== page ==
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States Adopt NAIC Model Bulletin on Insurers’ Use of AI


State regulators are taking action on the use of artificial intelligence in insurance. To date, nearly a dozen states have adopted some form of the National Association of Insurance Commissioners (NAIC) Model Bulletin on the Use of Artificial Intelligence (AI) Systems by Insurers. We expect many states to follow suit with similar standards for use of AI in insurance.

The NAIC adopted the model bulletin in December 2023. Since then, eleven states have adopted the bulletin with little or no customization, including:

Maryland Insurance Commissioner Kathleen A. Birrane, who chaired the NAIC committee, noted “this initiative represents a collaborative effort to set clear expectations for state Departments of Insurance regarding the utilization of AI by insurance companies, balancing the potential for innovation with the imperative to address unique risks” and explained that the model bulletin “provides a robust foundation to safeguard consumers, promote fairness, and uphold the highest standards of integrity within the industry.”

The NAIC model bulletin is fairly prescriptive and outlines principles that are becoming best practice in developing AI law and industry guidance, including:

Written AI program required

Insurers must develop, implement, and maintain a written program for responsible use of AI systems that make or support decisions related to regulated insurance practices, including mitigating adverse consumer outcomes and addressing governance, risk management, and internal audit functions.

Robust governance, risk management controls, internal audit functions, and written policies and procedures are core elements of an AI governance program in mitigating risk and managing oversight at each stage of an AI system’s lifecycle.

Clear Governance Framework driven by transparency, fairness, and accountability

Insurers should have a clear governance accountability structure comprised of representatives from appropriate disciplines and units (e.g., business units, product specialists, actuarial, data science and analytics, underwriting, claims, compliance, and legal), each with scope of responsibility and authority, chains of command, and decisional hierarchies.

Consumer notice

Consumers should receive notice that AI systems are in use and should have access to appropriate levels of information based on the phase of the insurance life cycle in which the AI systems are deployed.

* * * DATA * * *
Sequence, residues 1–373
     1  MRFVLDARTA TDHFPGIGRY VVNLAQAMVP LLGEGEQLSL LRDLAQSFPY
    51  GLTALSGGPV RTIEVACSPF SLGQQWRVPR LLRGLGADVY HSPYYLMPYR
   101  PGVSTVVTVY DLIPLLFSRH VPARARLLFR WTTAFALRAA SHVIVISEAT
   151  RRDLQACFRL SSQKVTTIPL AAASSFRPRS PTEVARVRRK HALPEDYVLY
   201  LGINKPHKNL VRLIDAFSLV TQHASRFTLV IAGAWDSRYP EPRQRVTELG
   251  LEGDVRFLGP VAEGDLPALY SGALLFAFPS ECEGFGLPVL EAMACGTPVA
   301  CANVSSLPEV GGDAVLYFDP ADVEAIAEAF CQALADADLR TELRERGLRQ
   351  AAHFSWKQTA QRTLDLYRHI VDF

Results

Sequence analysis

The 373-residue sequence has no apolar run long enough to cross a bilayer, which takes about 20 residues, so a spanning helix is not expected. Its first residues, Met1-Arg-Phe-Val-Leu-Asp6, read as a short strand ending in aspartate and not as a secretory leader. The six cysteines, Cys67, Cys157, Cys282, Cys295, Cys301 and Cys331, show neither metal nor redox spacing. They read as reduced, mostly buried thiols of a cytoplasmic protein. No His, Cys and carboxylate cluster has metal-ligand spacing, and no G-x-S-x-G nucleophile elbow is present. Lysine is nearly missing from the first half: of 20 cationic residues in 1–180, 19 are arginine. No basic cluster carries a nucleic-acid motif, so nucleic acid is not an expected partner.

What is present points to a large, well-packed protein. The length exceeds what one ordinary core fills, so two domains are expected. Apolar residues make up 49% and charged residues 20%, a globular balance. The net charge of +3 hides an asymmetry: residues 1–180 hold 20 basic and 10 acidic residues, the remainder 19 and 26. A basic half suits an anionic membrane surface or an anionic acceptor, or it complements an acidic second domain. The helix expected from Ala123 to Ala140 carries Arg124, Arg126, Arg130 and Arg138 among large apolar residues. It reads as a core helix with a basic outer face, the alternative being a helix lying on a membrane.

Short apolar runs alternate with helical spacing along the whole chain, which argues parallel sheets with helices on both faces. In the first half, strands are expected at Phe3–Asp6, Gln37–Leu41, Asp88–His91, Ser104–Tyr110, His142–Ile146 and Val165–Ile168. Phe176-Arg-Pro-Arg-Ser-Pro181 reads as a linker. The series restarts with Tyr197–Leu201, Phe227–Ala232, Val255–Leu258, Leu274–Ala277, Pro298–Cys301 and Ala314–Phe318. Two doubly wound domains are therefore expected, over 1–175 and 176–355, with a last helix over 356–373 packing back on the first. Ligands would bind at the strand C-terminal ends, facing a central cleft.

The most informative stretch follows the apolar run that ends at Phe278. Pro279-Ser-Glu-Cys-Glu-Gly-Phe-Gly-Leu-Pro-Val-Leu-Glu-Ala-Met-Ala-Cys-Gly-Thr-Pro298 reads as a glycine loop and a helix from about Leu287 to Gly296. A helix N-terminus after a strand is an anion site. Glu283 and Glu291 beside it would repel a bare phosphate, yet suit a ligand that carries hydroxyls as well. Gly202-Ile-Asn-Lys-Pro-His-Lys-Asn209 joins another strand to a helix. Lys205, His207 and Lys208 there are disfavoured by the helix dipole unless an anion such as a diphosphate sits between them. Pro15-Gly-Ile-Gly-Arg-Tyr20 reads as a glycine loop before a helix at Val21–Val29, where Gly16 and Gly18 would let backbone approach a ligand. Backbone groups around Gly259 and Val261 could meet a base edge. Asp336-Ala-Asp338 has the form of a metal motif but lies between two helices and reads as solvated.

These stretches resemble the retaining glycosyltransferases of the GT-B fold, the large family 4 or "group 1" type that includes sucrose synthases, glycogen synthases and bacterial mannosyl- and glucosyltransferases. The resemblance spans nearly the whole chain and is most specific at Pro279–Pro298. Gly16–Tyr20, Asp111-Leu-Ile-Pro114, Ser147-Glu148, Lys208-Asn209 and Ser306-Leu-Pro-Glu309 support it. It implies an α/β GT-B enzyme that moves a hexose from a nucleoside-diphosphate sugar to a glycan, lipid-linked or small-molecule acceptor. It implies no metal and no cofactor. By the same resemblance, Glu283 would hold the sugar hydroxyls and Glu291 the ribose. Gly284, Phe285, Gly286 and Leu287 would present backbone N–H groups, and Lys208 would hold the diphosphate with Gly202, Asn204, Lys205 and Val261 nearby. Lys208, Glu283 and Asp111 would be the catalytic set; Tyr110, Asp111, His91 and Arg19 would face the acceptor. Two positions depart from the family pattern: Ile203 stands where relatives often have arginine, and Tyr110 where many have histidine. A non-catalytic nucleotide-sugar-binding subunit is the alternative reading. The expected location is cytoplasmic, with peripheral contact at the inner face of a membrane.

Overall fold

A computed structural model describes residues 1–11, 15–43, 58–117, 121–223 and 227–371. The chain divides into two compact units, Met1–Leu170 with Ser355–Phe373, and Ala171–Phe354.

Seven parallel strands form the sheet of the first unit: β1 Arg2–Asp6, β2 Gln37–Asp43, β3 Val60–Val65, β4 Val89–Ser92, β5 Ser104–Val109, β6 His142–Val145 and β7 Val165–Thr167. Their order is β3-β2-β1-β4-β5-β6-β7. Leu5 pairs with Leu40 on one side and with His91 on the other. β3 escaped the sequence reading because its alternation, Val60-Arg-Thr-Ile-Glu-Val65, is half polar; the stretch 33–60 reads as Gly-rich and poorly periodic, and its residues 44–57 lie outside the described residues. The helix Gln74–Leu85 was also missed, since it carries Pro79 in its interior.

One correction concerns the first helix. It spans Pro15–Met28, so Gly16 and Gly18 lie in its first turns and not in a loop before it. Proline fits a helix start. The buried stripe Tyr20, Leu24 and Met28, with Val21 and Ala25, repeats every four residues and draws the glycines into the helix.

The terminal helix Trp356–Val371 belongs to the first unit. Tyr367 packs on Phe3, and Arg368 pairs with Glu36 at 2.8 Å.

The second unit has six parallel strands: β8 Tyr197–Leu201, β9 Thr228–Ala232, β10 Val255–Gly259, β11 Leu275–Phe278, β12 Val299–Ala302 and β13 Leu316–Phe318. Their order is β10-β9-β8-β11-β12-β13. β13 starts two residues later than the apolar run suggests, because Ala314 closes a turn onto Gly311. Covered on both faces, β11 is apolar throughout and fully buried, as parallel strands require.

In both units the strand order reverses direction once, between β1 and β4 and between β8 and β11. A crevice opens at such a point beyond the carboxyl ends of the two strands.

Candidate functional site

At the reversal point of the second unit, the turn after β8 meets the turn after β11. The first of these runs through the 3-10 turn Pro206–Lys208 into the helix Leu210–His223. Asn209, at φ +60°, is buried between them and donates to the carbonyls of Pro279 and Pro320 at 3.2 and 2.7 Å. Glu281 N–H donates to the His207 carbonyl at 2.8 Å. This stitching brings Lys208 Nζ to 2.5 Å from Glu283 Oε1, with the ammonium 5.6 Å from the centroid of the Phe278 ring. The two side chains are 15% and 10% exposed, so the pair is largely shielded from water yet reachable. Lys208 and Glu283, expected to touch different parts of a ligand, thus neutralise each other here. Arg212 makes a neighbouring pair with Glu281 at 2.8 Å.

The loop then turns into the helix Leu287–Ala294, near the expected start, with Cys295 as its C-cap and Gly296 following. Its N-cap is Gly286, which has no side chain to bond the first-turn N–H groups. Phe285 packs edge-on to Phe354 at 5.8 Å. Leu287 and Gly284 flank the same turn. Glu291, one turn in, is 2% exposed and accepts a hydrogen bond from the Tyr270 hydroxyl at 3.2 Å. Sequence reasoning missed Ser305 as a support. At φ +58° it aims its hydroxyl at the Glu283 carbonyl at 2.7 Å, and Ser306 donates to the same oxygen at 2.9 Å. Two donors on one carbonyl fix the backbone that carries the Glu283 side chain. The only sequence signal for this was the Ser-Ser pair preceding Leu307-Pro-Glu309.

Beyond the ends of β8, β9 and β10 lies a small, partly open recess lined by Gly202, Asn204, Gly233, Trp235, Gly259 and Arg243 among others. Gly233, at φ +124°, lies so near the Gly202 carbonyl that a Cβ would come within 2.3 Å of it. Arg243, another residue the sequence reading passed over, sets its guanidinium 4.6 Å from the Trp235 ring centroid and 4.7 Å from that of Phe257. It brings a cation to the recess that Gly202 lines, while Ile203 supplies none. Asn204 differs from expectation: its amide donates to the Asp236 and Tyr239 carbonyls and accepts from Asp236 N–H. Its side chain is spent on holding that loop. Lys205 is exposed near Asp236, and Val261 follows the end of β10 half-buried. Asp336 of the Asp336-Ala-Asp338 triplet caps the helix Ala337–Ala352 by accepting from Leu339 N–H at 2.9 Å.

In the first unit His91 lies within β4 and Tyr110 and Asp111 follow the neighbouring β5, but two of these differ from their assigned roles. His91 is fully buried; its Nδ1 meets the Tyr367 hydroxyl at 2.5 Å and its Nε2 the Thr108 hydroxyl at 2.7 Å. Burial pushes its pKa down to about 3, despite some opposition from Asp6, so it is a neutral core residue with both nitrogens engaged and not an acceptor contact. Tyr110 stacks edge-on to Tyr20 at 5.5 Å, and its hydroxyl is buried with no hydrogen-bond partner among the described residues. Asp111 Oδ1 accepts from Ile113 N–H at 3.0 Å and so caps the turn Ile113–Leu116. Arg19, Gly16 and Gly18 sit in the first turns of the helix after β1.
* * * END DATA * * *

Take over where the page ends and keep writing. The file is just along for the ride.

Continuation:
Risk management and internal controls

Controls and processes in the AI program should be reflective of, and commensurate with, insurers’ assessment of the degree and nature of risk posed to consumers by the AI systems considering: (1) the nature of the decisions being made, informed, or supported using the AI system; (2) the type and degree of potential harm to consumers resulting from the use of AI systems; (3) the extent to which humans are involved in the final decision-making process; (4) the transparency and explainability of outcomes to the impacted consumer; and (5) the extent and scope of the insurer’s use or reliance on data, predictive models, and AI systems from third parties.

Controls should address: (1) oversight and approval process for development, adoption, or acquisition of AI systems and identification of considerations and controls; (2) data practices and accountability, including data currency, lineage, quality, integrity, bias, minimization, and suitability; (3) validating, testing, and retesting to assess generalization of outputs upon implementation; (4) privacy of non-public information; and (5) data and record retention.

Third-party vendor management

Insurers are responsible for vendor diligence including processes to assess acquiring, using, and relying on: (1) third-party data to develop AI systems and (2) AI systems developed by third parties. Insurers should implement contract terms in third-party agreements allowing audit rights and requiring cooperating with regulatory inquiries when appropriate. Regulators may request information on insurers’ vendor diligence as part of regulatory oversight.

Prepare for regulatory inquiry about AI program

The model bulletin notes that insurers may be asked – including document production – about development and use of AI, including governance, risk management, and internal controls in the context of an investigation or market conduct action.

Quarles is continuing to track adoption of the NAIC model bulletin. While it is being adopted in a number of states, remember that certain states have existing AI regulatory approaches in place pre-bulletin. Insurers operating in multiple states should be prepared for varying requirements, and all insurers should be prepared for evolving requirements as AI laws and regulations continue to develop.

For inquiries about developing an AI governance program or the specific requirements under your state insurance requirements, please contact your health information privacy and security attorney or:

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